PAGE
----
Voting process for 2017 Africa Cup of Nations is up to shady FIFA standards

Voting and soccer seem to have a complicated relationship. People vote for soccer things and then other people are like, “That’s a really terrible way to vote.” People complain, platitudes are delivered, and then the broken relationship just seems to fall into old patterns, continuing with the laughable status quo.

Over the last year, the world has been fixated almost exclusively on FIFA and the voting process for the 2018 and 2022 World Cups. So, in the interest of change, let’s take a quick break and spend a few moments with the Confederation of African Football (CAF). Change is good.

Randy Abbey, a member of Ghana’s 2017 African Cup of Nations bid committee and former Ghana Football Association spokesman, is questioning CAF’s voting process to determine the hosts for the 2017 tournament.

On Tuesday, CAF announced that Gabon had won the right to host the biennial showcase, beating out Ghana and Algeria to replace Libya, who pulled out as hosts in August 2014 because of an “unstable security situation in the country.” Abbey, who was in Cairo during the voting, was less than impressed with the level of transparency.

Abbey told Joy Sports‘ Nathaniel Attoh:

“There was something, and I’m sure in the coming hours or days you’ll hear, especially from the Algerians, the way the voting for this one was conducted.

Even the executive committee who cast their votes, they don’t know the results of the vote. Only two of them were called by [CAF president] Issa Hayatou to look at what the votes were, and they were all ushered into the conference room where the media and the other three countries were.”

This, according to Abbey, and logic, isn’t the best way to vote:

“In this case, we didn’t know who got what. We were told that it was Gabon. They got 5, 6, 10, 13, 14 [votes], nobody knows. Even the Executive Committee members who cast their votes, were not told of the results.”

He continued:

“The president of CAF showed a paper that Gabon had won. I found that quite embarrassing, in 2015. Maybe that is the value and the culture here. Like they say in strategic management, that is how business is run here.”

It’s kind of shocking that “votes are cast, man walks into a dark room, man walks out with a piece of paper and declares winner” is still a way to vote for something as big as a continental tournament worth lots of briefcases of money. But then again, we all know that it isn’t too shocking.

Algerian officials backed Abbey’s account. Algeria’s Minister of Sports, Mohamed Tahmi, shared his views on the vote:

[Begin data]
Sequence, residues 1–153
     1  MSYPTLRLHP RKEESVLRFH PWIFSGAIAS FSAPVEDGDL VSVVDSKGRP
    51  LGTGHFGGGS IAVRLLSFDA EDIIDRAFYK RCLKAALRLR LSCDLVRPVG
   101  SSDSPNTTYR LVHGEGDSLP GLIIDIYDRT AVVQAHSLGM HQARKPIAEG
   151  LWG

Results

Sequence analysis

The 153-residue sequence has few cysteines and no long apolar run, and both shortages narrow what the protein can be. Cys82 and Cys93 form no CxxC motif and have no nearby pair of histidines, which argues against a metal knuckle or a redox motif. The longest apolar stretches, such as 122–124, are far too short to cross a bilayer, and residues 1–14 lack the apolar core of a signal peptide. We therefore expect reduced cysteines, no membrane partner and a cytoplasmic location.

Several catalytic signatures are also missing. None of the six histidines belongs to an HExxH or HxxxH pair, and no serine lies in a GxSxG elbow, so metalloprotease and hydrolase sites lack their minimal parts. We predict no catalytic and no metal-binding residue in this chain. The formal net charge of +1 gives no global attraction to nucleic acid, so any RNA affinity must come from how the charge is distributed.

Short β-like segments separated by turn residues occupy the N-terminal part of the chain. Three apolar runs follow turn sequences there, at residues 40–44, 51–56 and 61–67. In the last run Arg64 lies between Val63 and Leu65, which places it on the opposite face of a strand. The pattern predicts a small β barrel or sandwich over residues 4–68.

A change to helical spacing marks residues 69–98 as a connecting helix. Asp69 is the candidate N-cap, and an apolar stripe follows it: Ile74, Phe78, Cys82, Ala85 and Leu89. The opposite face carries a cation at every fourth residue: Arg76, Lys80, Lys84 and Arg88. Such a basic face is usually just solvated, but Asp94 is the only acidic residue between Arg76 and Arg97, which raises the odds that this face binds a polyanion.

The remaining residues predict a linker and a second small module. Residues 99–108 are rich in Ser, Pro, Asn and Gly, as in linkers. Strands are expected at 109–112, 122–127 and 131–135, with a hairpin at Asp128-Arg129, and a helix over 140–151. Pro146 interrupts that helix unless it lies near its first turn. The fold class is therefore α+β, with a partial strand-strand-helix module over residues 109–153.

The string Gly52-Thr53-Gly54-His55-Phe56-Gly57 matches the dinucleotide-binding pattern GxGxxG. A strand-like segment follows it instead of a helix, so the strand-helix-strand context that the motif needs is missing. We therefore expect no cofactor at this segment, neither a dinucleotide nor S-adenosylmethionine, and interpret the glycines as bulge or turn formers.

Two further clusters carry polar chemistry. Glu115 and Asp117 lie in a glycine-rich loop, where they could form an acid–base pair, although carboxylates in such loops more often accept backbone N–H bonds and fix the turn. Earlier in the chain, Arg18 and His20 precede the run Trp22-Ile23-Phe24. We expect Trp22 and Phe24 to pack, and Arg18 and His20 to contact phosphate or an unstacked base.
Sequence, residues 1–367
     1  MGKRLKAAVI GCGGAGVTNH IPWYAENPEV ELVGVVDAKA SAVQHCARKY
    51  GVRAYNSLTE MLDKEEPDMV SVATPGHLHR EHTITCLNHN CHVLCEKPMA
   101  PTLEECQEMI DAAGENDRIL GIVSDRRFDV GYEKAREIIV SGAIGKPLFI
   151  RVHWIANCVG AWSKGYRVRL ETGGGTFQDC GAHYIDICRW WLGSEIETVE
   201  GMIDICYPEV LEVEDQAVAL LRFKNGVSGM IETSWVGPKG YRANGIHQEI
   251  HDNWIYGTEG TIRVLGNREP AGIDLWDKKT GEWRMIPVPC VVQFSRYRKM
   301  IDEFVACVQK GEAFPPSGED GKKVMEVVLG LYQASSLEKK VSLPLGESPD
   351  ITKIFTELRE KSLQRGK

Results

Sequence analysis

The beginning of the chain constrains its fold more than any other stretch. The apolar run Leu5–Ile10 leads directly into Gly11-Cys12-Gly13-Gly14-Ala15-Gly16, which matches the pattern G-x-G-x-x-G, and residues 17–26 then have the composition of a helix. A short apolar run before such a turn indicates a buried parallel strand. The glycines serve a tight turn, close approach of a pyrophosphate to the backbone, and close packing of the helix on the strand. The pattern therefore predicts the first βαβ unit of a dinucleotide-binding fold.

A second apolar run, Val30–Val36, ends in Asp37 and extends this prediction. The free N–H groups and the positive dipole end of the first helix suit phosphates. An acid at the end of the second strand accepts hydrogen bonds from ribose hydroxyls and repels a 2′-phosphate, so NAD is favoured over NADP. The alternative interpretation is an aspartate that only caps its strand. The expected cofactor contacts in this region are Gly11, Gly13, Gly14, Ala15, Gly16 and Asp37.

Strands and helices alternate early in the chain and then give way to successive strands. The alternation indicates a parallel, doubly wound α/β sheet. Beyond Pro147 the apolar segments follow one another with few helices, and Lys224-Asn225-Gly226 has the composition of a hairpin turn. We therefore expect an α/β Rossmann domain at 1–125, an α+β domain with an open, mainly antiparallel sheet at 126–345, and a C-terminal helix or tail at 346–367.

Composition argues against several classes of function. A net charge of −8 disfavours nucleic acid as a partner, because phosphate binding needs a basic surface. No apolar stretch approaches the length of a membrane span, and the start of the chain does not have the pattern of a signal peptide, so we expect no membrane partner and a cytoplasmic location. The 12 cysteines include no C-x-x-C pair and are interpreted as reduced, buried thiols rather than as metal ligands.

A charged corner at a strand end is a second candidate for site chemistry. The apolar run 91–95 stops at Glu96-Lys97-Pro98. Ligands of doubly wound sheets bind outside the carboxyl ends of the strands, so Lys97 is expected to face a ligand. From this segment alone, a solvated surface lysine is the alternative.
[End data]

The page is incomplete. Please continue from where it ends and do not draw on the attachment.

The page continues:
“CAF’s decision shocked us and we can’t accept it till now. Our bid was the best among all, but the CAF president gave it to Gabon. With all respect to Gabon, but that was illogical.”

Algerian Football Federation vice president, Mohamed Meshrani, took an even harsher tone, saying, “I dare if anyone can tell us about the number of votes that Gabon had. I have the answer; no one knows that. We will not stop here. We will ask CAF how they ignored our offer, till now I can’t believe,”

Ghana FA president Kwesi Nyantaki shared similar misgivings about the voting process with Citi FM, stating:

“Unlike previous occasions even as recent as September when we went to Ethiopia to choose the hosts for 2019, 2021 and 2023, the hosts were chosen on the basis of votes counted and declared publicly at least before the membership of the executive committee so we knew but on this occasion it was not so.

“The two non-voting members of the executive committee were entrusted to handle it so they went and counted the ballots and declared the results to the president who announced it publicly.

“For me, as a member of the executive committee, I heard the winner the first time when Issa Hayatou announced it at the press conference which I considered not to be good enough.

“To that extent I fully subscribe to the view that there was limited transparency.”

Perhaps the most interesting aspect of all these conversations about transparency in soccer governance is the relative ease in which the processes could be made transparent. But it’s almost as if certain people have no interest in real transparency. It almost makes you wonder why one might lack the motivation to usher in an era of transparency.

You can listen to Abbey here:

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